Since the inception of the first social networking sites there has been concern about the ultimate consequences of sharing private thoughts in a public space. I doubt the majority initially sharing their comments and photos imagined the possibility of losing their job as a result.
In those early days, in the first forays into private space, employers used interns to gain access to the online presence of potential candidates. Hiring managers obtained access to information that previously would be illegal to have about a candidate prior to an interview: race, religion, political preferences and sexual orientation. Screening via the internet allowed employers to take a short cut around accepted hiring practices.
As individual’s online profiles expanded to include multiple online platforms, the public information data base grew exponentially. The pressure to be online, 24×7, posting photos of meals, videos of pets and stream of consciousness tweets opened the door to abuse.
Employers continued to monitor the online profiles of employees and candidates with an expanded supply of information.
Rather than have a conversation, we text. Emotion is replaced at a distance with free associative updates. There is no editor, just ears to fingers to the vast space of online commentary.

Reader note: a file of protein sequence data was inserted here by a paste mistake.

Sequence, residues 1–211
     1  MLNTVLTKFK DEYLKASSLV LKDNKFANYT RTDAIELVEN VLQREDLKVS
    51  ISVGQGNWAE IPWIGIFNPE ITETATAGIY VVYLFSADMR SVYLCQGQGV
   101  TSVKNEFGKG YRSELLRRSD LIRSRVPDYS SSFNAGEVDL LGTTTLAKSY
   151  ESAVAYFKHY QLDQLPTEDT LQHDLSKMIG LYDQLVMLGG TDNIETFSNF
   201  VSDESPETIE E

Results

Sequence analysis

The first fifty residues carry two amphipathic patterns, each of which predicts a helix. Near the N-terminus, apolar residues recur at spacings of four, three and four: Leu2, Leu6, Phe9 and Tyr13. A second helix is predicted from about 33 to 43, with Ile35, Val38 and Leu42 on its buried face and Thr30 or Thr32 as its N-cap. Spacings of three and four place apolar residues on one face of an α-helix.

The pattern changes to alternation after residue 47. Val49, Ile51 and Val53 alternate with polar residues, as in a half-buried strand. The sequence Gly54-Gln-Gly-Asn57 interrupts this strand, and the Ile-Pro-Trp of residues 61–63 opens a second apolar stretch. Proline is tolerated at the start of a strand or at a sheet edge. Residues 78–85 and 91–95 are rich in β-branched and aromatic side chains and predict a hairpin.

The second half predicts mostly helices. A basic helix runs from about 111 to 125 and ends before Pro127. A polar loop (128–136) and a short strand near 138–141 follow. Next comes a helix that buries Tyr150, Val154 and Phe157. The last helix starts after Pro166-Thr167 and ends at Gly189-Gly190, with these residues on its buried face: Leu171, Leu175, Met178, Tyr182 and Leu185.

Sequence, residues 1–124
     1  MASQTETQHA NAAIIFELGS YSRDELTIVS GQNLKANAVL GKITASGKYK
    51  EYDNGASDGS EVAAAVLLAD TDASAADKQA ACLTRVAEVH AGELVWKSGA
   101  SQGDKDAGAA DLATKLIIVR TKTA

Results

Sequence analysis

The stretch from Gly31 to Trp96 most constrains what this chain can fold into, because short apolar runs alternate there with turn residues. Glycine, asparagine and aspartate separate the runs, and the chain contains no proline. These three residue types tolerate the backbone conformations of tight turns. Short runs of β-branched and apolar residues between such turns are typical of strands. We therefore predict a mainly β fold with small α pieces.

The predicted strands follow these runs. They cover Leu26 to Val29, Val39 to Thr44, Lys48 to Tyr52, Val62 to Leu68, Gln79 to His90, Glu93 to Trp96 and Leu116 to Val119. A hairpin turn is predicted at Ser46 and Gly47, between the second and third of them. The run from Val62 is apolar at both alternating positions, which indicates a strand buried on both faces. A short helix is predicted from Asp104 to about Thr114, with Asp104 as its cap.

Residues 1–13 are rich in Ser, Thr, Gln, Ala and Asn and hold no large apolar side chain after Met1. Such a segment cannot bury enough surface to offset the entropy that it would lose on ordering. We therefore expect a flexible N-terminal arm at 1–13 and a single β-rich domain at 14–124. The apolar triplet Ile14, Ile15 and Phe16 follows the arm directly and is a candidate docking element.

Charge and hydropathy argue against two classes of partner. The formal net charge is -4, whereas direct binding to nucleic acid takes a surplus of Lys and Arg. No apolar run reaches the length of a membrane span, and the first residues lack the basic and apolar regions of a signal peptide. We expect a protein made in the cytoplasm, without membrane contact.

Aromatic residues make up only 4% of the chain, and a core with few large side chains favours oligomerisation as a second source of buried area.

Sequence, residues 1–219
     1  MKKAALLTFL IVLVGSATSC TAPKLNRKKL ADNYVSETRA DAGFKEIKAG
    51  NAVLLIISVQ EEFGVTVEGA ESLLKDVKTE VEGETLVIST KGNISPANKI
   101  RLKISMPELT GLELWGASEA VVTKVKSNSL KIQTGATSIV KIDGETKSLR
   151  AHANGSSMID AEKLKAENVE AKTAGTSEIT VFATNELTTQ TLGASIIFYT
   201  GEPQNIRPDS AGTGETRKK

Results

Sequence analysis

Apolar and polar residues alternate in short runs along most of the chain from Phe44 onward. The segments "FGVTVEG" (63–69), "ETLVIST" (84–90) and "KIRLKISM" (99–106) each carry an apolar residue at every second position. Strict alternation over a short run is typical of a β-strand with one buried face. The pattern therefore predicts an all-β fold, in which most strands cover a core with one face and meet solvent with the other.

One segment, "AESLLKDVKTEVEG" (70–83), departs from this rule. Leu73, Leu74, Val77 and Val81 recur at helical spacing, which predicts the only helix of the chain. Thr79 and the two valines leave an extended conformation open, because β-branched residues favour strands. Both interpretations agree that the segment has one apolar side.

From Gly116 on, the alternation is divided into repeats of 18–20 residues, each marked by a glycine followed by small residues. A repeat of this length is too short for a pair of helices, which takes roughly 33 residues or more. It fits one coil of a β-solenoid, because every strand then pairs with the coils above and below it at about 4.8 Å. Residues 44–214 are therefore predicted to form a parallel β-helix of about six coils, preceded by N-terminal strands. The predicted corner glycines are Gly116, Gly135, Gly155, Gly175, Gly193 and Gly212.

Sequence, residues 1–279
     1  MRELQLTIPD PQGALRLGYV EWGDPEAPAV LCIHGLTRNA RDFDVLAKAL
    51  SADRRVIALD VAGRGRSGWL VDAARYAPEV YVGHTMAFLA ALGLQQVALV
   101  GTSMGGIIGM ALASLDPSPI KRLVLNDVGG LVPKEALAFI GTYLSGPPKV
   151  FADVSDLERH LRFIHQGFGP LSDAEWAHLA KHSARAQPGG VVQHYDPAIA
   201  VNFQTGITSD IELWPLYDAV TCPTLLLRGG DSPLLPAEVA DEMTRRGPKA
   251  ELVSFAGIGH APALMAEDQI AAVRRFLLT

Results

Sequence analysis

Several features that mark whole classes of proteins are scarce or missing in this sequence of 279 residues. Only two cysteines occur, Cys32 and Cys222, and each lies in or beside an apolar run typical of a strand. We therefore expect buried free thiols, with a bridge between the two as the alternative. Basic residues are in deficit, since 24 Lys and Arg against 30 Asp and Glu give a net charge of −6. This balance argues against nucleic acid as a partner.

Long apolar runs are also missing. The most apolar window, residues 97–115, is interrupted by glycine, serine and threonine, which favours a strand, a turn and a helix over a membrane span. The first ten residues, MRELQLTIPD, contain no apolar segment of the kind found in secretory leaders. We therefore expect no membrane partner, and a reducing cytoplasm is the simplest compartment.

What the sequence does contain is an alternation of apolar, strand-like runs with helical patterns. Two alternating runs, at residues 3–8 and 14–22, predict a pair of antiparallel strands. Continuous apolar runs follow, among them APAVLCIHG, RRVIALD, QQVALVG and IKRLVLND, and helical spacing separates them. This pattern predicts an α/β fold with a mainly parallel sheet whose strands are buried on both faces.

In disassociating with emotion, we connect unaware of the impact of our words.
Laura Hudson writing in a July 2013 article for Wired Magazine comments, “Increasingly, our failure to grasp our online power has become a liability — personally, professionally, and morally. We need to think twice before we unleash it.”
If you have online followers, you have the potential for a career ending accident.
Jon Ronson, the author of a new book, ‘So You’ve Been Publicly Shamed’, previewed the content in a New York Times Magazine article on February 12. Recounting the stories of a number of people whose tweets slipped out of their control, he describes the role of public shaming that has become a new form of online entertainment and in most cases results in those involved losing their jobs.
Conor Friedersdorf proposes in his article, ‘A Social-Media Mistake Is No Reason to Be Fired’, “…a new social norm…Here’s what corporations should say in the future: “Sorry, we have a general policy against firing people based on social media campaigns. We’re against digital mobs.”
Until that policy takes effect, manage your online communications the way you communicate face to face.